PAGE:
I was watching television the other night and saw an advertisement for the arthritis drug Celebrex. It shows a man painting his picket fence, then riding a bicycle and playing with
his dog. A gentle voice in the background informs us that “Bleeding and ulcers can occur without warning and may cause death”, and then…”It may increase the chance of heart attack or stroke which can lead to death.” At first I thought it was a satire of a drug ad, created by someone with a dark sense of humor. But this was the real thing.
The gentle voice goes on to proclaim with pride, that the drug “has never been taken off the market”, a desperate recommendation. So many drugs have been withdrawn that just being on the market is actually a selling point. The ad goes on to say, “In clinical studies a lower percentage of patients on Celebrex reported indigestion, abdominal pain and nausea.” So that’s it. We’re supposed to be grateful for a drug that can kill you in several different ways and stands a good chance of making you sick.
The only way to get someone to accept this absurdity is to spend millions in advertising, because you have to suppress both the patient’s better judgment and the doctor’s conscience (as he relegates Primum non nocere to distant memory). But there’s something else you must do. You have to create a low expectation about healing, which is one of the insidious effects of these ads.
A young doctor recently told me that he had to present a patient with a choice between her symptoms and a drug with lethal side effects. He said she chose the drug and suffered terribly. He’s a dedicated physician and cares about people, but as a victim of low expectations, he saw nothing wrong with those limited options.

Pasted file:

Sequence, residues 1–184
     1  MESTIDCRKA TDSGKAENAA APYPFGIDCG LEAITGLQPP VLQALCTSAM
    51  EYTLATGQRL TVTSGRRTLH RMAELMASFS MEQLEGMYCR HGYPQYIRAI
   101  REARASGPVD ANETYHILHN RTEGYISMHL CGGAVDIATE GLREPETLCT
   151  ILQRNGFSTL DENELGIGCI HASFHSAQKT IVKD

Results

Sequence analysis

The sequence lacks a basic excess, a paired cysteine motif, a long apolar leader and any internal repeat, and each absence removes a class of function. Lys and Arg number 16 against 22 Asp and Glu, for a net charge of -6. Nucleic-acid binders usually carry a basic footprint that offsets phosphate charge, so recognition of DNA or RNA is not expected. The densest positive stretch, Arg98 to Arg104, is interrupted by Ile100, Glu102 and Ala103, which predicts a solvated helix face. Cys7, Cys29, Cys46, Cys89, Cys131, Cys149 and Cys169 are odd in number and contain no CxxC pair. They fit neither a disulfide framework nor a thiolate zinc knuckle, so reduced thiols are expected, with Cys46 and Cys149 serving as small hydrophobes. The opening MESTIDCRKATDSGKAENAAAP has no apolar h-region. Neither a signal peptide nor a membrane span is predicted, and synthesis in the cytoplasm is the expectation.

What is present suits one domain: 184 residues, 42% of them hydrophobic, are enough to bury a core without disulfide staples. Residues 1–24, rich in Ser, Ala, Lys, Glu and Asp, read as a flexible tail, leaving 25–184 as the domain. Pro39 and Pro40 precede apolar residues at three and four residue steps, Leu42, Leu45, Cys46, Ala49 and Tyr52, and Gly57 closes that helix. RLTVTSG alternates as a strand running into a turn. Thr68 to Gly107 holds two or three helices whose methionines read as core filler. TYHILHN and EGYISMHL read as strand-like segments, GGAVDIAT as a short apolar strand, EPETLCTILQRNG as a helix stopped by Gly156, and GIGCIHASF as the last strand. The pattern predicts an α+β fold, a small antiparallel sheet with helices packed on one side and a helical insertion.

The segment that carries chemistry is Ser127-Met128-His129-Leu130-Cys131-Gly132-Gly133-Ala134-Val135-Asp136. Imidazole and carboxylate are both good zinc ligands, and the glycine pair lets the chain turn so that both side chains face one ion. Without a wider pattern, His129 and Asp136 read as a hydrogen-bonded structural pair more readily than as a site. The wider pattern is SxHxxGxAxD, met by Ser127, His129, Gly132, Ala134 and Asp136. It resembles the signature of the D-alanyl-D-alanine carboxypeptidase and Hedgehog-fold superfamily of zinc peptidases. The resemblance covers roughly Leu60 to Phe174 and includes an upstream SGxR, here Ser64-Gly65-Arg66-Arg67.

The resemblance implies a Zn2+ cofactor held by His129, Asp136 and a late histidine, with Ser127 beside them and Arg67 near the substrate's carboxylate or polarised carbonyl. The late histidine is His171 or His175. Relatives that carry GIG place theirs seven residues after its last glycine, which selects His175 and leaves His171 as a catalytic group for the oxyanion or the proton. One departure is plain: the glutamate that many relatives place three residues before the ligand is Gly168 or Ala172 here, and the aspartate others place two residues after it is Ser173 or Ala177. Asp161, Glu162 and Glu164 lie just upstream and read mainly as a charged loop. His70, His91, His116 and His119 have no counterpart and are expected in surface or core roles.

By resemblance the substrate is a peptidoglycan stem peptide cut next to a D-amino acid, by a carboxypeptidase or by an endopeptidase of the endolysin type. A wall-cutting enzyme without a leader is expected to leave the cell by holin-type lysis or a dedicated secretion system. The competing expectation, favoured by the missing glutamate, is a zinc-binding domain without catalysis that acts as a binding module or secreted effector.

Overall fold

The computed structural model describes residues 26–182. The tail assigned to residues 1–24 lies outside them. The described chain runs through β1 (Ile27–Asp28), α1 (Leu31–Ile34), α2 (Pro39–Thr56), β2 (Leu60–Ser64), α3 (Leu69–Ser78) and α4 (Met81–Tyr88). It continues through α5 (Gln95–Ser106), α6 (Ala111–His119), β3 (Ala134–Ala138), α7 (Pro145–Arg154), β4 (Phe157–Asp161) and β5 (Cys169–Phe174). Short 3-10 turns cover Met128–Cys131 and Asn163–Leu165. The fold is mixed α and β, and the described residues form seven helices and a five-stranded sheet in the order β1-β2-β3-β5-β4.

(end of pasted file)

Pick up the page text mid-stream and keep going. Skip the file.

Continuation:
With such inadequate tools, why doesn’t the medical establishment embrace homeopathy? I think one important reason is its magical quality. Of course we know that it’s totally scientific, based on thousands of proving (yes, they count!), hundreds of thousands
of clinical cures and numerous studies.
However, both in how it works and what it accomplishes, homeopathy is extra-ordinary, of a different realm. You need either personal experience or a functioning right brain to let it in. It deals with an invisible energy that can only be known by its effects. We have magical concepts like Similia similibus Curentur, potentization, suppression, layers of illness that you can peel away, acquired energy patterns you can pass to your children and finally….cure! With all due respect to Harry Potter….
So, strangely, homeopathy’s strengths make it a difficult sell for some. On the other hand, it so resonates to our inner wisdom, that once people experience it, they know it is real. Along with their dose of remedy, they also get an instant dose of higher expectations.
Click here to see Celebrex ad: https://www.youtube.com/watch?v=7GvYI4VdVEI
Before I wrap-up, I want to express our appreciation to homeopath Katja Schütt, who secured many of the articles for this month’s issue. She also continues to bring us news about the state of homeopathy from around the world. Thank you Katja!
In this month’s issue:
Homeopath Beth Rotondo shares her personal experiences and some
“magical” cures in our Hot Seat interview. Rudi Verspoor
begins a fascinating new series on the evolution of Hahnemann’s
ideas, leading up to the Organon. It provides new insights into
Hahnemann’s true gift. Physicist Cyril Smith, author of “Electromagnetic
Man” in his continuing his series, explains the physics behind
potentization. This is an original work with surprising conclusions.
For those who love cats (and I am one) Veterinarian Irene DeVilliers
gives us a whole new perspective on FIP and how to treat it. George
Vithoulkas tackles another reader’s question…….and
much, much more.
Enjoy this issue and do send us your comments and feedback at
Alan V. Schmukler
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